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The Most Important Exercise On The Planet

GripAs an addendum to my previous post about circus being durned hard, I wanted to address one very concrete thing you can do TODAY to begin to ramp up your training. Ladies and Gentlemen, I give you (cue confetti canons)… the Humble Pull-Up. That’s right – hauling yourself up and down using your superty-buff arms is my number one essential training tool, and it should be a part of your regular training at least every other day.

A matter of discipline

Yes, I’m aware that you hate pull-ups. I don’t leap out of bed every morning shrieking, “YAAAAY! I get to do some pull-ups today!!!!” either.  Thing is, it doesn’t matter whether or not you hate them – you just have to do them. I’m willing to bet that one of the biggest reasons you hate them is because they’re really tough and they hurt and you suck at them. Am I right? It’s OK! It’s OK that they’re tough; it’s OK that they hurt, and it’s OK that you suck at them, but that will change. I promise you – train them, and they will suck so, so much less. First, you’ll do one, then another, then another, until you are kickin’ some serious tushie.

A matter of skill

I would say a solid 75% of aerial work hinges on variations of the pull-up. It’s that foundational. True – you can crank out some reasonably solid work without being able to do a traditional up and down, but you’re cheating yourself in a huge way. I’ve been around the professional block a few times (that doesn’t sound quite right, but you know what I mean), and I can tell you this: in all my years of performance, I have NEVER worked with a professional aerialist who couldn’t do a pull-up. In fact, the very idea is absurd. So, if you are serious about moving beyond the realm of student or amateur, get to work. TODAY.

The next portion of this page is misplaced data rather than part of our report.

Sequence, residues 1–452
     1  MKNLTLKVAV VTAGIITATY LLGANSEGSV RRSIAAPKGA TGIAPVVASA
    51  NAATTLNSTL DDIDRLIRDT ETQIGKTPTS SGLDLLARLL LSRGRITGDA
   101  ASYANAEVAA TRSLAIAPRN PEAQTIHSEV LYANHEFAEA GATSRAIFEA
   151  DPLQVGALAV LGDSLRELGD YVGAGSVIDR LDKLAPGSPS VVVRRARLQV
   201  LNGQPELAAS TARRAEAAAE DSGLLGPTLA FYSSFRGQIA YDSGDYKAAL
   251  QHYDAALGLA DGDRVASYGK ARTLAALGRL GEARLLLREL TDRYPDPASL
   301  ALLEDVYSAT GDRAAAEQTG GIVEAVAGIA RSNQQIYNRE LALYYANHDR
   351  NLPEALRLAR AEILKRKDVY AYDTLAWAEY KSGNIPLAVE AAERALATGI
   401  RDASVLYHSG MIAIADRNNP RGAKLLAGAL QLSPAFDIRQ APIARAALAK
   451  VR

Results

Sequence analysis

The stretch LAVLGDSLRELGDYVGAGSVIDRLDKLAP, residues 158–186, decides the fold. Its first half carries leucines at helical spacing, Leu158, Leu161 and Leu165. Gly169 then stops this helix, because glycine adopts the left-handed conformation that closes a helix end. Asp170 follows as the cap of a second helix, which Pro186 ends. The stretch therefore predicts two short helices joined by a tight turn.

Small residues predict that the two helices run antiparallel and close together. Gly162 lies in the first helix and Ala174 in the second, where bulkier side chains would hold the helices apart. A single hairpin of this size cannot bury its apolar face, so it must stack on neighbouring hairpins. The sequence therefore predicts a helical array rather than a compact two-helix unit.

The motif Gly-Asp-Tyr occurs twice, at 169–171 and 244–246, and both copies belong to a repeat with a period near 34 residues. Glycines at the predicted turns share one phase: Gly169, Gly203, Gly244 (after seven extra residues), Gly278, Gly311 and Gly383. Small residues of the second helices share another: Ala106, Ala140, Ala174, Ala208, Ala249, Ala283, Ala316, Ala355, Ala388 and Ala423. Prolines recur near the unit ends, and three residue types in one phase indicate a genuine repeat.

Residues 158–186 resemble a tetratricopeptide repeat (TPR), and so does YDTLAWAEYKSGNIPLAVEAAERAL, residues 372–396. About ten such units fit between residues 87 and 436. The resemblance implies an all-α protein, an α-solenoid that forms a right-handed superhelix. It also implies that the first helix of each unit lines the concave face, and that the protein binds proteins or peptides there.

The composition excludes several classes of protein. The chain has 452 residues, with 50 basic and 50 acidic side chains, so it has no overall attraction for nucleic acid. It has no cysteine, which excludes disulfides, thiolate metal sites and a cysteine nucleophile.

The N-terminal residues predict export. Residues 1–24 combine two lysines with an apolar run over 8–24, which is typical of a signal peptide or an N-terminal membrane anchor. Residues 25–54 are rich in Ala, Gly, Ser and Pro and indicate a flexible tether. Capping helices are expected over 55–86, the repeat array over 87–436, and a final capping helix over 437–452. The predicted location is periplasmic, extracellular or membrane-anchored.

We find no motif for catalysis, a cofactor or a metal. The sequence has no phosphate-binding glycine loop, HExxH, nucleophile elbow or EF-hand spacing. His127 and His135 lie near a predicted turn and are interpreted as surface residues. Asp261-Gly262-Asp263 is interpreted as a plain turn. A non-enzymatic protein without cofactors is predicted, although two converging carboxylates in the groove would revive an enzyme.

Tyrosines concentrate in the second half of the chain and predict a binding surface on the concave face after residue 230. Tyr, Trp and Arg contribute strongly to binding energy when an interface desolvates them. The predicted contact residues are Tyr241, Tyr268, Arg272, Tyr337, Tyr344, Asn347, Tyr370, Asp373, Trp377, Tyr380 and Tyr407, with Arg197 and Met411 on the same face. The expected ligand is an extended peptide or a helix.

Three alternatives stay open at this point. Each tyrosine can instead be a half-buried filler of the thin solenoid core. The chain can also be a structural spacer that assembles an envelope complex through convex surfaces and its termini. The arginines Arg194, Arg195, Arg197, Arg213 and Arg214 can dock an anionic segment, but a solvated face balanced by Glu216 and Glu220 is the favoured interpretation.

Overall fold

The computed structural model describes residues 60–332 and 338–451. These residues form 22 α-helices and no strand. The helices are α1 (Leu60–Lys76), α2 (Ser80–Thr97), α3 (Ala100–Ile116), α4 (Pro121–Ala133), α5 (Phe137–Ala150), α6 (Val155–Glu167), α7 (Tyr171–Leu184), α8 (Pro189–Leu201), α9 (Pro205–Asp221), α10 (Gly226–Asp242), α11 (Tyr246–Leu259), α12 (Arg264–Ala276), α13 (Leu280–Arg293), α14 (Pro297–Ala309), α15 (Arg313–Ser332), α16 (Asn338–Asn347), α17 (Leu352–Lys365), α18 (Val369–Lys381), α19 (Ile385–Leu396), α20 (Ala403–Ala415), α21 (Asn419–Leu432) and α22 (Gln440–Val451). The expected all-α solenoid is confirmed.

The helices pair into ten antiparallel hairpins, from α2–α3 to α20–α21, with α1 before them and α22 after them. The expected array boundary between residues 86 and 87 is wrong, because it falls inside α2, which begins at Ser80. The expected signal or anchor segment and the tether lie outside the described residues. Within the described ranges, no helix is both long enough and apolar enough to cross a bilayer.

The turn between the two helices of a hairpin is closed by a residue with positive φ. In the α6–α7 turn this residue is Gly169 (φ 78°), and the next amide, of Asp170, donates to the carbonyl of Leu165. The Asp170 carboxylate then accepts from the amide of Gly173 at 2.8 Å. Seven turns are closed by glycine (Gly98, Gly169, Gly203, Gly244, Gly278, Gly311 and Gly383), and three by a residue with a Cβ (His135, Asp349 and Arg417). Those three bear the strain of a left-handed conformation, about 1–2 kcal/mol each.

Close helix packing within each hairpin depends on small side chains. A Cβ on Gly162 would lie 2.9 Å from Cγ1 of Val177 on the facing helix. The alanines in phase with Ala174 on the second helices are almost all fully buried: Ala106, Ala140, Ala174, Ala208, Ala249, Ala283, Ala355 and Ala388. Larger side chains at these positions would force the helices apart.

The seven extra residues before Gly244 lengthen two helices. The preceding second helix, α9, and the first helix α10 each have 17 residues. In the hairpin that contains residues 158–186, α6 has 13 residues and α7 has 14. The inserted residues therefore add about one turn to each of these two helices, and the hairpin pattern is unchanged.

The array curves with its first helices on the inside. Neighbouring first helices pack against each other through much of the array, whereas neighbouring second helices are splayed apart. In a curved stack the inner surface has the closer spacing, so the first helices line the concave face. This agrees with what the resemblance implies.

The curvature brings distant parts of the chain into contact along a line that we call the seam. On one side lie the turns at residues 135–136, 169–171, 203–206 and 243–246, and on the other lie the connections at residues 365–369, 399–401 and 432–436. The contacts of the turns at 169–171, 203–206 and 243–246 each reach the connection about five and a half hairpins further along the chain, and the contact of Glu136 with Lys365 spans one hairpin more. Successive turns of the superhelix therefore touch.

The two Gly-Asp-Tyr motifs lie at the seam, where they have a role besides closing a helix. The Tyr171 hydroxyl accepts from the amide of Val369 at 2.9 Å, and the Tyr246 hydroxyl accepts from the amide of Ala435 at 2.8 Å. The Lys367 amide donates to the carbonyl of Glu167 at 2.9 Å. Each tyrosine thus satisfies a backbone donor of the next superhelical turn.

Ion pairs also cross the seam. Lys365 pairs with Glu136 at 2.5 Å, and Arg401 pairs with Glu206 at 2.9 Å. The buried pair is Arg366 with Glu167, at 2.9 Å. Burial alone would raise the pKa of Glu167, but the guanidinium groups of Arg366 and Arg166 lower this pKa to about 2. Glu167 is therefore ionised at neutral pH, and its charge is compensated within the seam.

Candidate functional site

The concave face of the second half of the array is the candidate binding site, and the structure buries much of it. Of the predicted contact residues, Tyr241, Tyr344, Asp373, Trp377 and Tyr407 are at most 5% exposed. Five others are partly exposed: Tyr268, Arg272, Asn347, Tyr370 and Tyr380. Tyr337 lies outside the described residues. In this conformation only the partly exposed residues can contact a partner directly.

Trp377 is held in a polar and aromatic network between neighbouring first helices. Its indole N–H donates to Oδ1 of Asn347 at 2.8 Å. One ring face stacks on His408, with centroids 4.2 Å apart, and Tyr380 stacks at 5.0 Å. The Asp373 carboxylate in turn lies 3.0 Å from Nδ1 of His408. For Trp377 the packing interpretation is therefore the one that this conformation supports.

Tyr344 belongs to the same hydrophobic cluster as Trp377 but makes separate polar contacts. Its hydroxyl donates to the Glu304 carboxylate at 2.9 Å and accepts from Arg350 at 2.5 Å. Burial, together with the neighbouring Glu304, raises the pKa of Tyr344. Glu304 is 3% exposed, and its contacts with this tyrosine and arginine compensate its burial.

A matter of safety

It’s not just a matter of strength; it’s also a matter of safety. Many of you have had the panic-inducing experience of getting into a bad knot on your fabrics, or finding yourself below your trapeze or hoop with little reserves to get back up. This is where your training – the muscle memory, the strength building, the endurance drills – is absolutely essential; it could mean the difference between a successful recovery to a safe position and a nasty injury for you (or someone else if you’re working with a partner). Be responsible and do the work, even if you hate it.


Here’s a great resource for how to properly execute a pull-up, and a link to the bar I have at home (no installation required). If you’re a beginner, try putting a chair underneath and giving yourself just enough help to go through the full range of movement; start slow and small, Rome wasn’t built in a day. For more advanced folks, you can try varying your hand positions to work the muscles from different angles and keep things interesting. In closing, know this: if you train your pull-ups consistently, you WILL be successful. Surprise and amaze your friends! They’ll think you’re a total Bad Ass Rock Star. Because you are.

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8 comments on “The Most Important Exercise On The Planet”

  1. Jordan Reply